Anthony Aust. Photo from Aust family.

That’s all they had to do, come to the door and knock, but they came like terrorists.

Ben Poirier, Anthony Aust’s stepfather

On Wednesday, Oct. 7, twelve Ottawa police officers burst into the apartment where 23 year-old Anthony Aust, his girlfriend, his 94 year-old grandmother, 68 year-old stepfather, 12 year-old brother and 13 year-old sister were present. Without warning, the officers used a battering ram on the unlocked door, exploded flash grenades and rushed into the apartment with assault rifles in hand. The result of all this was Anthony falling 12 storeys from the apartment window to his death.

Dramatic video footage of the police’s violent entrance captured by the family’s camera was publicized by Anthony’s brother Raymond Aust, 20. Raymond saw the footage from his family’s home security video on his phone while studying at Queen’s University in Kingston. He downloaded the video and sent it out to reporters in order to force the mainstream media to report on the aggressive nature of the raid.

Anthony was on bail at the time of this death, having been charged in January with gun and drug offences after a traffic stop. He was charged along with two others, but was awaiting trial on those charges. He wore an ankle monitor and police were aware of his location.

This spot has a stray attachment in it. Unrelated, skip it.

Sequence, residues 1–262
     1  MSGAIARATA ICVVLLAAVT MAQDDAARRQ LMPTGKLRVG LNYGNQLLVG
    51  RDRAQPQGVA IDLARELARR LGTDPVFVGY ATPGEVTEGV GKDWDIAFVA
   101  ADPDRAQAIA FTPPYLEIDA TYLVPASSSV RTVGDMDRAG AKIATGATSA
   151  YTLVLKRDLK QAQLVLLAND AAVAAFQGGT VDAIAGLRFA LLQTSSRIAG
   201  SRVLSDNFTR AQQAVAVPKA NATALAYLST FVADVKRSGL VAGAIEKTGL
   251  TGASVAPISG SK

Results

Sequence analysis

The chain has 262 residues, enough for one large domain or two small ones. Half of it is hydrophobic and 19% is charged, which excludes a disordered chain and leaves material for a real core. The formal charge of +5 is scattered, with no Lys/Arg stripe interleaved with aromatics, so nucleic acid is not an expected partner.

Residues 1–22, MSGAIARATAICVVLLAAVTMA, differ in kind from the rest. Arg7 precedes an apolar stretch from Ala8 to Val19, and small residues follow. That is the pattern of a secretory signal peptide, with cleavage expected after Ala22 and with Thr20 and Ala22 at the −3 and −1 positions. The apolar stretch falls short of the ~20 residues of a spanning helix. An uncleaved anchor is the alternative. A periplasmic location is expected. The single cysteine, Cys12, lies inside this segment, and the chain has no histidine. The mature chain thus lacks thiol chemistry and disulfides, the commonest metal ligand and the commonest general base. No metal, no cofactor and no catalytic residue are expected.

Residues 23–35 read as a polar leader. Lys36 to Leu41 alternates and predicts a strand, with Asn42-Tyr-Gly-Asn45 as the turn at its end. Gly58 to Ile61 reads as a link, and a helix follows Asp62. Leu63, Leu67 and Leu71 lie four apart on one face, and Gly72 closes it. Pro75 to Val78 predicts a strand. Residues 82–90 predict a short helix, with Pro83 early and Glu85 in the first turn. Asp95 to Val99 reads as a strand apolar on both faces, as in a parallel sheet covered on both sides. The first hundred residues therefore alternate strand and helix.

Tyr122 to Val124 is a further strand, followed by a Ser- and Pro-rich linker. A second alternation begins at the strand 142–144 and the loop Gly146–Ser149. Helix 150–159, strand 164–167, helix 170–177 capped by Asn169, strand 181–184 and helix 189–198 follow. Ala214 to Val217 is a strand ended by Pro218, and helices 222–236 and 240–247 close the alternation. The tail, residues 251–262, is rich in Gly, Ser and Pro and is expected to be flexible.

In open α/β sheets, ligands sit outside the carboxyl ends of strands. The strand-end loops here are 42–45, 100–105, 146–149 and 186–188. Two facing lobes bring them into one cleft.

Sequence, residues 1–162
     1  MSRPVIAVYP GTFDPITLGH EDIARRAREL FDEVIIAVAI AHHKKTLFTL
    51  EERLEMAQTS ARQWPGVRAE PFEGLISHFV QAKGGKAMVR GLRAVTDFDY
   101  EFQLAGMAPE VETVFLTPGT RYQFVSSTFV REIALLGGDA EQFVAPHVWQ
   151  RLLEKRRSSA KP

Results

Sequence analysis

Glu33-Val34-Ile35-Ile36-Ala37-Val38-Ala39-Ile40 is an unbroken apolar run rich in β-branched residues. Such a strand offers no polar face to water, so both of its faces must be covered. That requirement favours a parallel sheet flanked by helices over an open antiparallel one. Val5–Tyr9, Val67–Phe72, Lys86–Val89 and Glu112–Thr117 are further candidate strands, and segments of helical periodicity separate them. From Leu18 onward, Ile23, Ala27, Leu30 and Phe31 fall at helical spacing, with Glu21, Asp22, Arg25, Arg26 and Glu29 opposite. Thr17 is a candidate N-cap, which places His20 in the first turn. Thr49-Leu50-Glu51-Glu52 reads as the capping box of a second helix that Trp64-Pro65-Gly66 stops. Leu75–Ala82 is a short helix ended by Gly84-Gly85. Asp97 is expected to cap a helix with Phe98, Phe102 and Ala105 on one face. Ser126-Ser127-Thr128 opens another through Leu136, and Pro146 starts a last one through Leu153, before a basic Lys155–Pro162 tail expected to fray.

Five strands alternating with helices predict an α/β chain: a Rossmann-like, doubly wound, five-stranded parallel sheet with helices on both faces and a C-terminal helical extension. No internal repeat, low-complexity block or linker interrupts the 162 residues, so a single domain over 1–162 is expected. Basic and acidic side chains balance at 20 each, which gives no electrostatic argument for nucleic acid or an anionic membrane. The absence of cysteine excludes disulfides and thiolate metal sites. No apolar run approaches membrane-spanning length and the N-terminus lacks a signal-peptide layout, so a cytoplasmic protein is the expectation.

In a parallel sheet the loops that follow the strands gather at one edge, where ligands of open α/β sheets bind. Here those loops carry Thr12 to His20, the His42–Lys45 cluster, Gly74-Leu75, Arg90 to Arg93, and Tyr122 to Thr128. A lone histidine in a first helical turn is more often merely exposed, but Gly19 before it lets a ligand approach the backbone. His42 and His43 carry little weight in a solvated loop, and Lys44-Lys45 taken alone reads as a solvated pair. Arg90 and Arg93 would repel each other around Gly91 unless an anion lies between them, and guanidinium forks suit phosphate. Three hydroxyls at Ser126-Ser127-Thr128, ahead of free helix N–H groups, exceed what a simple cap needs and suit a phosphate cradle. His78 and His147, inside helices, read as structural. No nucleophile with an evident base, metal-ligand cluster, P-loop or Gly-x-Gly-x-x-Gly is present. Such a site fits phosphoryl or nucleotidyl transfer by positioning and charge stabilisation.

“If they addressed the situation more calmly, someone in my family would have woken him up and resolved the situation,” said Raymond, who was not present in the apartment at the time of his brother’s death. “Instead they come in full force, guns out, expecting the situation wouldn’t go awry. He was petrified of police and he was in a rush to think.”

No-knock warrants instituted from the top

The family and the public have questioned the aggressive nature of the raid. According to Jeff Kilcollins, a retired Ottawa police officer who spent 20 years on the SWAT team, no-knock warrants, also known as “dynamic entries” are “bread and butter” for the police.

“We conduct hundreds of them a year in Ontario,” Kilcollins said. “There are demands from the court system, the judicial system. They like it much better when the accused is in possession of the evidence. Narcotics are generally considered disposable evidence, much like child pornography.” 

In February, in response to a no-knock warrant used against a woman, a Superior Court judge found that no-knock warrants, like the one carried out at the Aust residence, reflect a “casual disregard” for the Charter of Rights and Freedoms and urged police to use them in vital cases only.